By Steve Holland and Parisa Hafezi
WASHINGTON/ANKARA (Reuters) – President Donald Trump will announce on Tuesday whether he will withdraw from the Iran nuclear deal and a senior U.S. official said it was unclear if efforts by European allies to address Trump’s concerns would be enough to save the pact.
Trump has repeatedly threatened to withdraw from the deal, which eased economic sanctions on Iran in exchange for Tehran limiting its nuclear programme, unless France, Germany and Britain – which also signed the agreement – fix what he has called its flaws.
The senior U.S. official said the European allies had moved significantly in Trump’s direction on what he sees as the defects – the failure to address Iran’s ballistic missile programme, the terms under which international inspectors visit suspected Iranian sites, and “sunset” clauses under which some terms expire.
The official did not know, however, if the Europeans had done enough to convince Trump to remain in the deal.
“The big question in my mind is does he think the Europeans have moved far enough so that we can all be unified and announce a deal? That’s one option,” said the official. “Or (does he conclude) the Europeans have not moved far enough and we say they’ve got to move more?”
European diplomats said privately they expected Trump to effectively withdraw from the agreement, which was struck by six major powers – Britain, China, France, Germany, Russia and the United States – and Iran in July 2015.
“It’s pretty obvious to me that unless something changes in the next few days, I believe the president will not waive the sanctions,” one European diplomat said, adding he saw only a “very small” chance that Trump stays in the deal.
European leaders have warned that Trump’s withdrawal would strike a blow to the alliance between Western Europe and the United States, and undo years of negotiations that they say were successful in halting Iran’s nuclear ambitions.
Iran has ruled out renegotiating the accord and threatened to retaliate, although it has not said exactly how, if Washington pulls out.
Trump gave no indication of which way he was leaning on Monday, saying only in a Twitter post that he would announce his decision at 2 p.m. (1800 GMT) on Tuesday.
Under the deal, formally known as the Joint Comprehensive Plan of Action (JCPOA), the United States committed to easing a series of U.S. sanctions on Iran and it has done so under a string of “waivers” that effectively suspend them.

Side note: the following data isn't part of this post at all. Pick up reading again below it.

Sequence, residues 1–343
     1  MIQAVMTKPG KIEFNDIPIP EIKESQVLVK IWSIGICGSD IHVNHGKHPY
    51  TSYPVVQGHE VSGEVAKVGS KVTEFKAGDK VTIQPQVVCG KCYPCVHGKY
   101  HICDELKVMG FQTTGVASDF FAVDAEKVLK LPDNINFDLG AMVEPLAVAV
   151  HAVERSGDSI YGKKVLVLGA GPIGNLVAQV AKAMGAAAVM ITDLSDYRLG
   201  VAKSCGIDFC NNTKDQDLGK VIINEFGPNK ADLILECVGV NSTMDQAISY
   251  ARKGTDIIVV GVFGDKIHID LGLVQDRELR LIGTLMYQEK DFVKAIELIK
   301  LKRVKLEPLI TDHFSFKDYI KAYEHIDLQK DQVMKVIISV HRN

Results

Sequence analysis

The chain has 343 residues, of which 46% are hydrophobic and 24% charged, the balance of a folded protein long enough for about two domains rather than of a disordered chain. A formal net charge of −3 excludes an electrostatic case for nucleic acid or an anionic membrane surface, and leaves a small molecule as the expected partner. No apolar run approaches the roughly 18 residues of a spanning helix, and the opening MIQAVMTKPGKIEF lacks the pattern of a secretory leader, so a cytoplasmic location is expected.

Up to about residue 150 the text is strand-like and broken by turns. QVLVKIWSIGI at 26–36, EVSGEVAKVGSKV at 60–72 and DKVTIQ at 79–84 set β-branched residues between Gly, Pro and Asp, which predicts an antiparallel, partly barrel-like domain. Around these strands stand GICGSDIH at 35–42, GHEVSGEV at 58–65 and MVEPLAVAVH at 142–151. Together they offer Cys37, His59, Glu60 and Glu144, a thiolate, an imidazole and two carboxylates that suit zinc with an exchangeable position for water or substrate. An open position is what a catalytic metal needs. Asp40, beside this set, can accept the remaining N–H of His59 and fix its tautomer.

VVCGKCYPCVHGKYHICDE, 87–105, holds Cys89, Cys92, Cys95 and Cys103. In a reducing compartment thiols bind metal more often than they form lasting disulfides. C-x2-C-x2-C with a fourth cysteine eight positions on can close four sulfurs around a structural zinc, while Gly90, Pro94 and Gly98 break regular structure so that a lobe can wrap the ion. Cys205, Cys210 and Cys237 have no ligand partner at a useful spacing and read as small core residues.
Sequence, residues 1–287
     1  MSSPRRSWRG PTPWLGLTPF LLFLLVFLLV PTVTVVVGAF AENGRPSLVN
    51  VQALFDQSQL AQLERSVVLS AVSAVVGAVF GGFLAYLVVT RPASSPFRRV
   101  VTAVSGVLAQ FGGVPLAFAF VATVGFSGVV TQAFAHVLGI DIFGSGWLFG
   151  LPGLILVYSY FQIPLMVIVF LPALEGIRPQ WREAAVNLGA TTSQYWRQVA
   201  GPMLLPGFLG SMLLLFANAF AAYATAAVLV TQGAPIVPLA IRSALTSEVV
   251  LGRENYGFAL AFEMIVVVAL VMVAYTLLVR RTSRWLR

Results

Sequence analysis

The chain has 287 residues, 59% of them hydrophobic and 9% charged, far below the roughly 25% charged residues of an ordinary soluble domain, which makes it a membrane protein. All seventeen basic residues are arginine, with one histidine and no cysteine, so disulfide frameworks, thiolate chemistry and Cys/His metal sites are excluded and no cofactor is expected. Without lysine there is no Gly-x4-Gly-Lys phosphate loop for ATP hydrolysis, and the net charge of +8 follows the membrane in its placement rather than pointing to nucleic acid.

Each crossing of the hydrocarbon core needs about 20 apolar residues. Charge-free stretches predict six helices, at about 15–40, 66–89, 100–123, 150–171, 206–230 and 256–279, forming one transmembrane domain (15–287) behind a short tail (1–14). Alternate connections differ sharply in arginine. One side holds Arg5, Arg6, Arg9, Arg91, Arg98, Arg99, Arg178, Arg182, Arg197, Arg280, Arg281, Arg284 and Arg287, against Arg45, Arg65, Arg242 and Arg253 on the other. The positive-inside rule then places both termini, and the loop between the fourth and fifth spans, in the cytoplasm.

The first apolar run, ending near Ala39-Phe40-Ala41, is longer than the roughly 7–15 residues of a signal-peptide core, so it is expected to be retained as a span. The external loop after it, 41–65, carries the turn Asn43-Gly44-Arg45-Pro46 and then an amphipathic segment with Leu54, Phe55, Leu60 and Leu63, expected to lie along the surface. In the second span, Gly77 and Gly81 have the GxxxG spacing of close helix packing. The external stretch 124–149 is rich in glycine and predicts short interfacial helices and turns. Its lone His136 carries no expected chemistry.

Under U.S. law, Trump has until Saturday to decide whether to reintroduce U.S. sanctions related to Iran’s central bank and Iranian oil exports.
The reimposition of sanctions would dissuade foreign companies from doing business with Iran because they could be subject to U.S. penalties.
Bringing back U.S. sanctions could also trigger a backlash by Iran, which could resume its nuclear arms programme or punish U.S. allies in Syria, Iraq, Yemen and Lebanon, diplomats said.
On Monday, Iranian President Hassan Rouhani suggested Iran could remain in the accord even if the United States dropped out but that Tehran would fiercely resist U.S. pressure to limit its influence in the Middle East.
Rouhani said the Islamic Republic had been preparing for every possible scenario, including a deal without Washington – which would still include the other signatories that remain committed to it – or no deal at all.
“We are prepared for all scenarios and no change will occur in our lives next week,” Rouhani said in a speech broadcast live on state TV.
“If we can get what we want from a deal without America, then Iran will continue to remain committed to the deal. What Iran wants is our interests to be guaranteed by its non-American signatories. … In that case, getting rid of America’s mischievous presence will be fine for Iran.”
Trump’s Iran tweet helped oil prices break $70 a barrel to reach their highest level since late 2014.
ALLIES COMMITTED TO DEAL
Britain, France and Germany remain committed to the accord and, in an effort to address U.S. complaints, want to open talks on Iran’s ballistic missile programme, its nuclear activities beyond 2025 – when pivotal provisions of the deal expire – and its role in the wars in Syria and Yemen.
British Foreign Secretary Boris Johnson, in Washington this week, said the deal’s weaknesses could be remedied.
“At this moment Britain is working alongside the Trump administration and our French and German allies to ensure that they are,” he said in a commentary in the New York Times.
Johnson met U.S. Secretary of State Mike Pompeo and Vice President Mike Pence on Monday.
Diplomats say Iran would rather the deal remain intact out of concern about a revival of domestic unrest over economic hardships that mounted over the years sanctions were in place.
Sanctions imposed on Iran in early 2012 by the United States and European Union over its nuclear programme cut Iran’s crude exports from a peak of 2.5 million barrels per day before the sanctions to a little more than 1 million bpd.
But Iran re-emerged as a major oil exporter in January 2016 when international sanctions were suspended in return for curbs on Iran’s nuclear programme.
Iran’s clerical rulers have repeatedly ruled out reducing its sway across the region, as the United States and its European allies may seek as part of any new deal.
Underlining Tehran’s growing regional clout, pro-Iranian group Hezbollah and its political allies won just over half the seats in Lebanon’s parliamentary election, unofficial results showed on Monday.
(Reporting by Steve Holland and Parisa Hafezi; Additional reporting by John Irish, Michelle Martin and Joseph Nasr in Berlin, Michael Holden in London and Arshad Mohammed in Washington; Writing by Parisa Hafezi and Kieran Murray; Editing by Alistair Bell and Peter Cooney)